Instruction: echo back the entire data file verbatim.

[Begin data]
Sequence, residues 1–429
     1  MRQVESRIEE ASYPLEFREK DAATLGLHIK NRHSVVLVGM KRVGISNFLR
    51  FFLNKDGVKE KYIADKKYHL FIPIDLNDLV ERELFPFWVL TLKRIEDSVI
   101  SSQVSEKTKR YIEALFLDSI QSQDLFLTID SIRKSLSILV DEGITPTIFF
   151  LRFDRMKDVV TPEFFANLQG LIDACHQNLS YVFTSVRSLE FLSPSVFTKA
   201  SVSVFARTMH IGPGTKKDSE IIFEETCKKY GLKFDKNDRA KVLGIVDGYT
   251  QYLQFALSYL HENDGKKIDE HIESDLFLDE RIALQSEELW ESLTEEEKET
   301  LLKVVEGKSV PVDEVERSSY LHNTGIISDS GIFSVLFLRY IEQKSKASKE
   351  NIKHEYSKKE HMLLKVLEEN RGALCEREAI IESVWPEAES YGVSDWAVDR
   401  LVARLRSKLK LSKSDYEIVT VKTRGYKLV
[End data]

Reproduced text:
Sequence, residues 1–429
     1  MRQVESRIEE ASYPLEFREK DAATLGLHIK NRHSVVLVGM KRVGISNFLR
    51  FFLNKDGVKE KYIADKKYHL FIPIDLNDLV ERELFPFWVL TLKRIEDSVI
   101  SSQVSEKTKR YIEALFLDSI QSQDLFLTID SIRKSLSILV DEGITPTIFF
   151  LRFDRMKDVV TPEFFANLQG LIDACHQNLS YVFTSVRSLE FLSPSVFTKA
   201  SVSVFARTMH IGPGTKKDSE IIFEETCKKY GLKFDKNDRA KVLGIVDGYT
   251  QYLQFALSYL HENDGKKIDE HIESDLFLDE RIALQSEELW ESLTEEEKET
   301  LLKVVEGKSV PVDEVERSSY LHNTGIISDS GIFSVLFLRY IEQKSKASKE
   351  NIKHEYSKKE HMLLKVLEEN RGALCEREAI IESVWPEAES YGVSDWAVDR
   401  LVARLRSKLK LSKSDYEIVT VKTRGYKLV